Finding the Next Tom Brady for your Portfolio

We can’t tell you how excited we are for the kickoff of the NFL season tonight! For number crunchers like ourselves, it’s not just the diving catches, bone crushing hits, the beer, or the love the game that entices us… it’s the statistics… it’s dreaming of picking a diamond in the rough in our fantasy league… and of course the trash talking.

Which leads us to this little gem of a picture floating around the internet of late…

Tom Brady 2000 NFL Draft
Photo Courtesy: Boston.com

Yes, that’s none other than 8x Pro-bowler, 2x MVP, 3x SuperBowl winner, and supermodel dating (marrying?) Tom Brady of the New England Patriots. Who in their right mind would have thought Brady could have achieved even half of those accomplishments given his less than stellar physical appearance coming out of college. Even the Patriots weren’t quite that sure, waiting til the 6th round to draft Brady.

Now, we’re Bears fans around here, but it’s easy enough to draw parallels with investing from this not so glamorous picture of Brady at the 2000 NFL Combine (where they scout talent like diners at Chicago’s famous Gibson’s steakhouse pore over the cuts of meat before ordering). Ugly charts (investing’s combine picture corollary) are everywhere…. Some classic examples would include say, this stock losing -70% over 3 years.

Apple 1980sChart Courtesy: Google
(Disclaimer: Past performance is not necessarily indicative to future results)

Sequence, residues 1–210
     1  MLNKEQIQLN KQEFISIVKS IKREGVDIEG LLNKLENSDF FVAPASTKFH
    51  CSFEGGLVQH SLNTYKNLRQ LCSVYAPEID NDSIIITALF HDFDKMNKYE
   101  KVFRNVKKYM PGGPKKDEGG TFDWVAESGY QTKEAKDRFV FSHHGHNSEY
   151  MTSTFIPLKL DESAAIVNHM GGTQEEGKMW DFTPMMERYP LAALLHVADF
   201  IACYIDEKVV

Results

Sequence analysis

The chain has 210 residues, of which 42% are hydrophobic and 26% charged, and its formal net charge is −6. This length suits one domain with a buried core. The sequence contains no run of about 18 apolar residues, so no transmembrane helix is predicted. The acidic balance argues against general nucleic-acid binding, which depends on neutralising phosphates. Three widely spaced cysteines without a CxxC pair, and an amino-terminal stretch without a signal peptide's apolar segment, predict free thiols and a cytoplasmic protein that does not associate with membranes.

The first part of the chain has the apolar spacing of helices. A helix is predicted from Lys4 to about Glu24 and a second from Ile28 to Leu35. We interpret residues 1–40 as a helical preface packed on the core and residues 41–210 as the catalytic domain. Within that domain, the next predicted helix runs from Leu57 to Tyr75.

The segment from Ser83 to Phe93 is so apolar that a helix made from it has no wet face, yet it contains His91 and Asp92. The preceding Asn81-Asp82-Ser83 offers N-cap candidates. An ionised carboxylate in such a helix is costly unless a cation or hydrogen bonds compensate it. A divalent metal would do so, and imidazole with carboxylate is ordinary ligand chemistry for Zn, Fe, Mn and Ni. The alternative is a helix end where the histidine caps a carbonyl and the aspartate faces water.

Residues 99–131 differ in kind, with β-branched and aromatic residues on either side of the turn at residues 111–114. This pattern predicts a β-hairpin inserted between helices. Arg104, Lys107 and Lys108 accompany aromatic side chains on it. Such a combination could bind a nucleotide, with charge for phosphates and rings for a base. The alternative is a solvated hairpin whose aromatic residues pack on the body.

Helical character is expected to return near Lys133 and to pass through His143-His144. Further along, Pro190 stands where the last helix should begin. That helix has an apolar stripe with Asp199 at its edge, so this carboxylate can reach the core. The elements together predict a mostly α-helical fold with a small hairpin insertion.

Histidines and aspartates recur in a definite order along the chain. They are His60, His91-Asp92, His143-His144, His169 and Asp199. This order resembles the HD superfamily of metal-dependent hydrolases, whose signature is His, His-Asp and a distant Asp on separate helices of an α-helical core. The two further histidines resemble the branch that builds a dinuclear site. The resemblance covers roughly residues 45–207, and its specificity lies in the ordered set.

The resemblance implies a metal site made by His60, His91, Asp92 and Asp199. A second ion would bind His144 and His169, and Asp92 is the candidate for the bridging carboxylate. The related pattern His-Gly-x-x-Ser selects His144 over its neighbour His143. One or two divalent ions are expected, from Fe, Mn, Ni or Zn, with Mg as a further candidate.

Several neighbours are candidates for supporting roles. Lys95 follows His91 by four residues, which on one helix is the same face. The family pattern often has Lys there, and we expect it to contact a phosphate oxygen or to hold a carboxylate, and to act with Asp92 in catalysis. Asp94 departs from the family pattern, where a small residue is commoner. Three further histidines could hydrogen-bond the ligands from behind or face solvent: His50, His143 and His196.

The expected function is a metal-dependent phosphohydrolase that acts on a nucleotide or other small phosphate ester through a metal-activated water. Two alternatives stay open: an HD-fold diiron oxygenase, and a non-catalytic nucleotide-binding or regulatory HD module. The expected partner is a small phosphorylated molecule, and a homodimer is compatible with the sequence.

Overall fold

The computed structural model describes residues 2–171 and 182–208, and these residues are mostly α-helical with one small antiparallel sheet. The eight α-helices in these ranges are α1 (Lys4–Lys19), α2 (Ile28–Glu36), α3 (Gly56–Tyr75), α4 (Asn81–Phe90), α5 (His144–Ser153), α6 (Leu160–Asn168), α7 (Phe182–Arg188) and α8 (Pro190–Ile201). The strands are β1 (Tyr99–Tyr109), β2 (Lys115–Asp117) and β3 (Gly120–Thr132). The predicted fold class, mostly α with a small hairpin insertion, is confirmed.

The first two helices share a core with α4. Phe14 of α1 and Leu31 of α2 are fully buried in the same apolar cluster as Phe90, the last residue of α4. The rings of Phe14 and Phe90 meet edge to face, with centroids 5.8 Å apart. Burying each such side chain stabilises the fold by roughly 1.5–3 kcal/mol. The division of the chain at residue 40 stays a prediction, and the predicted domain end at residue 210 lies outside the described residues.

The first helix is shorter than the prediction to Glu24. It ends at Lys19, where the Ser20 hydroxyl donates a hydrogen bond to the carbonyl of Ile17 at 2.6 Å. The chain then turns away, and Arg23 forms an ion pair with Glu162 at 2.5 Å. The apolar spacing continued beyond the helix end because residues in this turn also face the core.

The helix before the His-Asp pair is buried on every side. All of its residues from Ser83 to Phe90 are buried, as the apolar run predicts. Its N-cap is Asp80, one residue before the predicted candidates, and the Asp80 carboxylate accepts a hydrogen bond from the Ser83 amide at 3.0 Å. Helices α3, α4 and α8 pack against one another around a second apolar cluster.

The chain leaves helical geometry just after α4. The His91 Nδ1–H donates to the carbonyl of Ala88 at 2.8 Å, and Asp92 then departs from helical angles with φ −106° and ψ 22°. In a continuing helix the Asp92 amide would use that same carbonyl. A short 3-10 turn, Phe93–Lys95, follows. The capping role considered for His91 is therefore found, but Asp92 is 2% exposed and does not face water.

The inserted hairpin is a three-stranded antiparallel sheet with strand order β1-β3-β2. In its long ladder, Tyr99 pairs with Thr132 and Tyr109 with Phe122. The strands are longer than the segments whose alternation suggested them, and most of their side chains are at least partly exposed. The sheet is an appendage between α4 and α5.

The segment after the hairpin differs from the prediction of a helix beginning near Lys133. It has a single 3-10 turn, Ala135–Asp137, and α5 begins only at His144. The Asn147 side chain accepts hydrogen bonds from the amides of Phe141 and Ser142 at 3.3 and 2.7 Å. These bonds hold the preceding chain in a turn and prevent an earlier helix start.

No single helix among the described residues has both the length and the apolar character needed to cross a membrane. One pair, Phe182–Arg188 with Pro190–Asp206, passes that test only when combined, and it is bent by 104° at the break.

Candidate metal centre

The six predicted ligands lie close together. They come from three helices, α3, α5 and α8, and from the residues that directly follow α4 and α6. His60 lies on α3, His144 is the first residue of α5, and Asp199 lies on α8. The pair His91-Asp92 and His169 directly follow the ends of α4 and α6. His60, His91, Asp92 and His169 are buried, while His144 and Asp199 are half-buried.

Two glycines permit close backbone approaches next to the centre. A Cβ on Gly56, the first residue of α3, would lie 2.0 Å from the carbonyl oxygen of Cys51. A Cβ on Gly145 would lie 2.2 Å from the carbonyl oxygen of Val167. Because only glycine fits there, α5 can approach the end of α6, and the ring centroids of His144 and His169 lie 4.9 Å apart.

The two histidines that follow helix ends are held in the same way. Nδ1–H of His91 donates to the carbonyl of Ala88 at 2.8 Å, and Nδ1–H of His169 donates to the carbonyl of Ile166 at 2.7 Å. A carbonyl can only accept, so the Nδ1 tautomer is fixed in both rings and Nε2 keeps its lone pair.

That would be wunderstock Apple in the early 80’s, about 14,000% ago.

Or this stock falling about -65% and looking like anything but a powerhouse.

McDonalds 2000'sChart Courtesy: Google
(Disclaimer: Past performance is not necessarily indicative to future results)

That just happens to be a little company called McDonald’s a mere 10+ years ($75 billion in market cap) ago. No, we haven’t lost our minds and switched to recommending stocks (Apple would be a sell, McDonald’s a buy if we were in that business) instead of managed futures.

The point is that classic bit of lifelong advice – you can’t judge a book by its cover. Looking at NFL prospects at the combine is like looking at investments early in their history or over just a few years. All you are seeing is a quick snapshot that may or may not look anything like what you’re going to get over the next three years, or five or ten years for that matter. While it only seems natural to want to pick the biggest, strongest, fastest players who come from the most successful programs in the football world; and the smartest, most polished, best performing managers in the investment world – there is a very long list of former All Stars who are now out of the game both in the football and investing world.

The better method of picking talent, in our books, is to look past the most visible signs such as last year’s performance and the like (40yd dash and bench press at the combine), and instead try and judge talent where it matters more – say in risk adjusted performance, or performance over a minimum acceptable return adjusted for risk, or best worst periods, and so on. In football terms, can you run a pattern fast and catch the ball, not just run fast…